WARNING: GRAPHIC IMAGES
Victoria’s peak racing body will prioritise an audit of horses that have not raced in the past 18 months in response to “horrific images” aired on Thursday night that revealed alleged acts of animal cruelty on a mass scale.
Racing Victoria chief executive Giles Thompson reiterated calls for a national horse register to track the movement of the animals once they have left the racing industry.
“We are sickened by the horrific images that we saw on ABC 7.30 Report last night, particularly the inhumane treatment of horses at the Queensland abattoir,” Mr Thompson said in a statement on Friday morning.
“Abattoirs and knackeries are regulated by state governments and we expect those authorities to ensure animal welfare standards are maintained and compliance is strictly enforced.
“In the meantime, we will be prioritising the activities detailed in our three-year equine welfare strategic plan released this year including an audit of Victorian horses that have not raced in the past 18 months but are not listed are retired with Racing Australia.”
The report alleged hundreds of Australian racehorses were being sent to the slaughterhouse, despite official data from Racing Australia claiming less than one per cent of retired horses – or about 34 horses a year – end up in an abattoir.
Victorian Racing Minister Martin Pakula said the horse racing industry must look at the number of horses that are bred, similar to what the greyhound industry has been doing since ABC exposed acts of cruelty against greyhounds.
“After the live-baiting story broke a few years ago, there’s been a massive focus on how many dogs are bred and how they are rehomed,” Mr Pakula told ABC Radio.
“And nationally, the breeding sector and horse racing needs to look at the number of horses that are bred.”
He also echoed calls by Racing Victoria and Racing Australia for a national horse register to better regulate the industry, conceding there were gaps in the system.
A federal parliamentary committee has been investigating the feasibility of such a register and will hand down its report and recommendations mid-November.
Mr Pakula said “the fact is some” horses end their lives in an abattoir or knackery, but that it was the authority’s “determination” to rehome every healthy retired racehorse.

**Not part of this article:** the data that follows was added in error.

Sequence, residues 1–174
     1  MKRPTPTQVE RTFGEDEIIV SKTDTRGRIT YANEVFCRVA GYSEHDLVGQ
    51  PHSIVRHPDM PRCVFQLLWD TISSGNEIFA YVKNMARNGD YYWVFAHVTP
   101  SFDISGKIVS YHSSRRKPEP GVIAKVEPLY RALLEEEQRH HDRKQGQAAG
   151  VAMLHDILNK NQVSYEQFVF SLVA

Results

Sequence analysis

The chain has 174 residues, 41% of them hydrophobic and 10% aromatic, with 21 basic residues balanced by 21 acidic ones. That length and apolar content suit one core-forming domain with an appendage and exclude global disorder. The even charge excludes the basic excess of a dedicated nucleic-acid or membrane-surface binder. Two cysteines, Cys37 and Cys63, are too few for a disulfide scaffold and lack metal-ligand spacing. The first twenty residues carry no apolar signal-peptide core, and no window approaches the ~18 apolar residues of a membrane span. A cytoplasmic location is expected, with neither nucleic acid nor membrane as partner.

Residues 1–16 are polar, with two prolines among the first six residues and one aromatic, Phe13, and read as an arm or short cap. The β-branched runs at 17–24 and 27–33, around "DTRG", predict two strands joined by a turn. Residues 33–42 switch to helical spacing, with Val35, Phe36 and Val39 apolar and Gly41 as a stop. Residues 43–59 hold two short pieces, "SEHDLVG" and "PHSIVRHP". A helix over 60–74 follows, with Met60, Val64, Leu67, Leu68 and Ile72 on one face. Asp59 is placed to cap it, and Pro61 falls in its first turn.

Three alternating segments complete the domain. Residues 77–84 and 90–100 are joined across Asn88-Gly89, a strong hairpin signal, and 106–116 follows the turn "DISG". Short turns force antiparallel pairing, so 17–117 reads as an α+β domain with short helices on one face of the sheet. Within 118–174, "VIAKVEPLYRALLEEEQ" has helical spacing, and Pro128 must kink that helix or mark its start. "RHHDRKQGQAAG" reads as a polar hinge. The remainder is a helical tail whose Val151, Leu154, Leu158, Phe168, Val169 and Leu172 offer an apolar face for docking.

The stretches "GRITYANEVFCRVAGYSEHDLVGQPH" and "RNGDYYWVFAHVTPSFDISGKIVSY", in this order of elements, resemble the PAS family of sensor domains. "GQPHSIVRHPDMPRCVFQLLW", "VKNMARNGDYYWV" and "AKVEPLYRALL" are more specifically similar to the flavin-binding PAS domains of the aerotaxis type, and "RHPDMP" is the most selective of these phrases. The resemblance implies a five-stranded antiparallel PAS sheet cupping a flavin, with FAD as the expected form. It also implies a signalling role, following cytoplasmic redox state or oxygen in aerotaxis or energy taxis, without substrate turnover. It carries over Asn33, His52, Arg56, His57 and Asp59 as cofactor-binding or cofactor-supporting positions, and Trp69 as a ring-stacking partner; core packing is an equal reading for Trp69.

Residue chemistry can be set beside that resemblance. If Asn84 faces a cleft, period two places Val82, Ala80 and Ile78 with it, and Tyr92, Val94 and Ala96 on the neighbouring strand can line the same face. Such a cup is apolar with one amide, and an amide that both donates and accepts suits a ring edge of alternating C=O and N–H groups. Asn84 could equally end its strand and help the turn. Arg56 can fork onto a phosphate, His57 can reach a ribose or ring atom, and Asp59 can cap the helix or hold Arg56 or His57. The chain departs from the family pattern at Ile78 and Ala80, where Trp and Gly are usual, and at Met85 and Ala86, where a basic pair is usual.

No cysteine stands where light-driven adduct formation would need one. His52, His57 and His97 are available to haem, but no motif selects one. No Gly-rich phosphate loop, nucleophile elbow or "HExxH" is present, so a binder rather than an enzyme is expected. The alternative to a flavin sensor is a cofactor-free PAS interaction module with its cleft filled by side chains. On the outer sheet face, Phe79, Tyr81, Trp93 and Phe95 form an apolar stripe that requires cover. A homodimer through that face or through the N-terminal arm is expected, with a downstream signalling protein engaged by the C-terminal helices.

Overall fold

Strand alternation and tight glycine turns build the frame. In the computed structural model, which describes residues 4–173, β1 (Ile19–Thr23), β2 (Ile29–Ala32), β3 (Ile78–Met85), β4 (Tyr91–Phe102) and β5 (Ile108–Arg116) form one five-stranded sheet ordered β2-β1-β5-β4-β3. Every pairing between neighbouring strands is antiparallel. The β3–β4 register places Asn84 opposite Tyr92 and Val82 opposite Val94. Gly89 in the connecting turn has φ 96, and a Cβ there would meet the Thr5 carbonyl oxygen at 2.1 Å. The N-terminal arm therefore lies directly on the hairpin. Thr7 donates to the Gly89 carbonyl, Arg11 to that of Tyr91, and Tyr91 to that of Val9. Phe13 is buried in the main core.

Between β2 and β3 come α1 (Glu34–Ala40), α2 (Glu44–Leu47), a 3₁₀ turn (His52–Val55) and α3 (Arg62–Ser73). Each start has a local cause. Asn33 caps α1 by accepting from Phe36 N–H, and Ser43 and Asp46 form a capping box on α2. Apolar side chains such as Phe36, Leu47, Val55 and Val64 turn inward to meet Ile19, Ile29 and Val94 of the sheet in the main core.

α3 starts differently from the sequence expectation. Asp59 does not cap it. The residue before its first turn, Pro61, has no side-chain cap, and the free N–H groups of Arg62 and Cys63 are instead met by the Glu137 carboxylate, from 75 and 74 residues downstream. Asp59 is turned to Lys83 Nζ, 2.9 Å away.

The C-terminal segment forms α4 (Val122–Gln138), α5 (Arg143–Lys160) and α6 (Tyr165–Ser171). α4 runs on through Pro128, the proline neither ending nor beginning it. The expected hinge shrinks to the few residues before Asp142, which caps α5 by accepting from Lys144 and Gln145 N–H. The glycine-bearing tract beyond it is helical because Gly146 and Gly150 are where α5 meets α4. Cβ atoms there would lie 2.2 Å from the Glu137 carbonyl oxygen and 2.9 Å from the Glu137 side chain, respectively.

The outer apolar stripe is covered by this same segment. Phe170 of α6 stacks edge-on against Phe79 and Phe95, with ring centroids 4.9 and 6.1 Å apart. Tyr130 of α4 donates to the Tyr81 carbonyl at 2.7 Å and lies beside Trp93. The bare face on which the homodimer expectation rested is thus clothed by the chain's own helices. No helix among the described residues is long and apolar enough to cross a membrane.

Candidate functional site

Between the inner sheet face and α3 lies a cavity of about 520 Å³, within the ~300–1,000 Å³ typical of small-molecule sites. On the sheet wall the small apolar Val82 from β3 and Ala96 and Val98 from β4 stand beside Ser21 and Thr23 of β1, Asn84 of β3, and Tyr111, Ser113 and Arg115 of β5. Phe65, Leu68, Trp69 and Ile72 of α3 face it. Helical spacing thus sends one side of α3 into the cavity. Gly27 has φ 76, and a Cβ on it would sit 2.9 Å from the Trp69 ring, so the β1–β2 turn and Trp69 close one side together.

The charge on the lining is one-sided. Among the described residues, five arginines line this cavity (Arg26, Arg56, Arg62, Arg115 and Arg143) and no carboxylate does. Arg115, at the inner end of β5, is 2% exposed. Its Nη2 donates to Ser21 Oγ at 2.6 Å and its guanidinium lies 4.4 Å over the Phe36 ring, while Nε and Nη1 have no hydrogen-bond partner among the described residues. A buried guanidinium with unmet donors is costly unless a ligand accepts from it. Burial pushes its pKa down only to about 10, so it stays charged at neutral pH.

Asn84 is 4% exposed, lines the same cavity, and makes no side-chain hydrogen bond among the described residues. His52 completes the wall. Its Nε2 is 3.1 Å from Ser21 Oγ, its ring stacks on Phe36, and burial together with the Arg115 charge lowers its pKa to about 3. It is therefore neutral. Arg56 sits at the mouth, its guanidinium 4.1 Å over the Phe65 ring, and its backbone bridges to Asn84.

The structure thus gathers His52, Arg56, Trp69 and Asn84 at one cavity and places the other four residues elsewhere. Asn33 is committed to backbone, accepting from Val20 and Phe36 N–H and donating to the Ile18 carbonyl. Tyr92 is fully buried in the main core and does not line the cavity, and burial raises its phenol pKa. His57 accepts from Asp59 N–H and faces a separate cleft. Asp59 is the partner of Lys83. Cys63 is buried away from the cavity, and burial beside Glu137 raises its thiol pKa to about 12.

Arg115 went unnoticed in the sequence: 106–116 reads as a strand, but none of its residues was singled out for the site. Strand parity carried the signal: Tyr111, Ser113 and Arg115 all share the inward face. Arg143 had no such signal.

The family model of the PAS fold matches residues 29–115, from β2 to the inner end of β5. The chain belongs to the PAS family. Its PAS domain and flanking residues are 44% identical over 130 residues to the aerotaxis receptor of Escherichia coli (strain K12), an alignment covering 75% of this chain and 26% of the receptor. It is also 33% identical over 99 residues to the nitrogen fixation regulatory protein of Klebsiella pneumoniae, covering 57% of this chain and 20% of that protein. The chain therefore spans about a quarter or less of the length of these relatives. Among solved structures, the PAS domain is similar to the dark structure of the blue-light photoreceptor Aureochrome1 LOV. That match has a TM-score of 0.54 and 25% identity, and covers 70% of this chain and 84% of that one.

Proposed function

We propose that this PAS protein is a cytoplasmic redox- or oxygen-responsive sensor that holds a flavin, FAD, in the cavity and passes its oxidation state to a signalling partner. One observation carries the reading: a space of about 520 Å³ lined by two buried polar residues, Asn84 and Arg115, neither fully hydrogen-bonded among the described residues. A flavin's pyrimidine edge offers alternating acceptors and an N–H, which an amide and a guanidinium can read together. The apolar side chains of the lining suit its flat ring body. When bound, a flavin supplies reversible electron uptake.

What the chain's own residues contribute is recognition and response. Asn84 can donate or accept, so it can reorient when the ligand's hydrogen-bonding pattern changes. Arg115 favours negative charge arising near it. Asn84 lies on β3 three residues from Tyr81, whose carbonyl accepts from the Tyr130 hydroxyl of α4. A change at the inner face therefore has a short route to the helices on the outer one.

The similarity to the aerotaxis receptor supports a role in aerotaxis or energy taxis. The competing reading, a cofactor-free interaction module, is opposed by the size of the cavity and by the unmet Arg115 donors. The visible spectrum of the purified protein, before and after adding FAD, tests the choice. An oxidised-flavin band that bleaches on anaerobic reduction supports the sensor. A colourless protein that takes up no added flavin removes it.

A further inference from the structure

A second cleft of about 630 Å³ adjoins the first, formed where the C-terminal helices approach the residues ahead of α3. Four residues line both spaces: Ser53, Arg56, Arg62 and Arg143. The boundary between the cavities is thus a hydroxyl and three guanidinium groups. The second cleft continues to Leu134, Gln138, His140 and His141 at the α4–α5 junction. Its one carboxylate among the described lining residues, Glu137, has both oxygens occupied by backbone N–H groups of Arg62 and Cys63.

“Every horse should be traced from foal to the end of its life, that doesn’t happen at the moment,” Mr Pakula said.
“Even if Racing Victoria can say with certainty what happens to a racehorse once they are retired, what no one can say with certainty is what might happen with them two years or five years later … when they are no longer within the sight of racing authorities anywhere in the country.”
Racing Australia chief executive Barry O'Farrell has said prosecutions "should, and I suspect will, occur" following the 7.30 investigation.
Speaking on ABC News 24's News Breakfast on Friday morning, Mr O'Farrell said while he was "appalled" and "shocked" by the two-year-investigation he had absolute faith in state regulators.
ABC’s 7.30 program revealed alleged acts of animal cruelty as racehorses are sent to slaughterhouses. Credit:ABC 7.30
Mr O'Farrell also questioned the actions of activists involved in the investigation, asking why they didn't blow "the whistle earlier".
"Let's not conflate two issues. That facility we saw last night, and those unacceptable practices, is a state abattoir in Queensland. Those practices that I saw, I know from my background in state politics, are serious offences under state animal welfare legislation," he said.
"I think the program last night said the activists had been taking vision for a number of years. Why wouldn't they have blown the whistle earlier to stop this inhumane treatment?"
Elio Celotto, from the Coalition for the Protection of Racehorses, said her group had been watching and recording the daily activities of the Meramist Abattorior, located north of Brisbane, for the past two years.
Ms Celotto told 7.30 that about 4000 racehorses had been killed in the one abattoir alone. The 7.30 report also investigated a number of NSW facilities.
More to come
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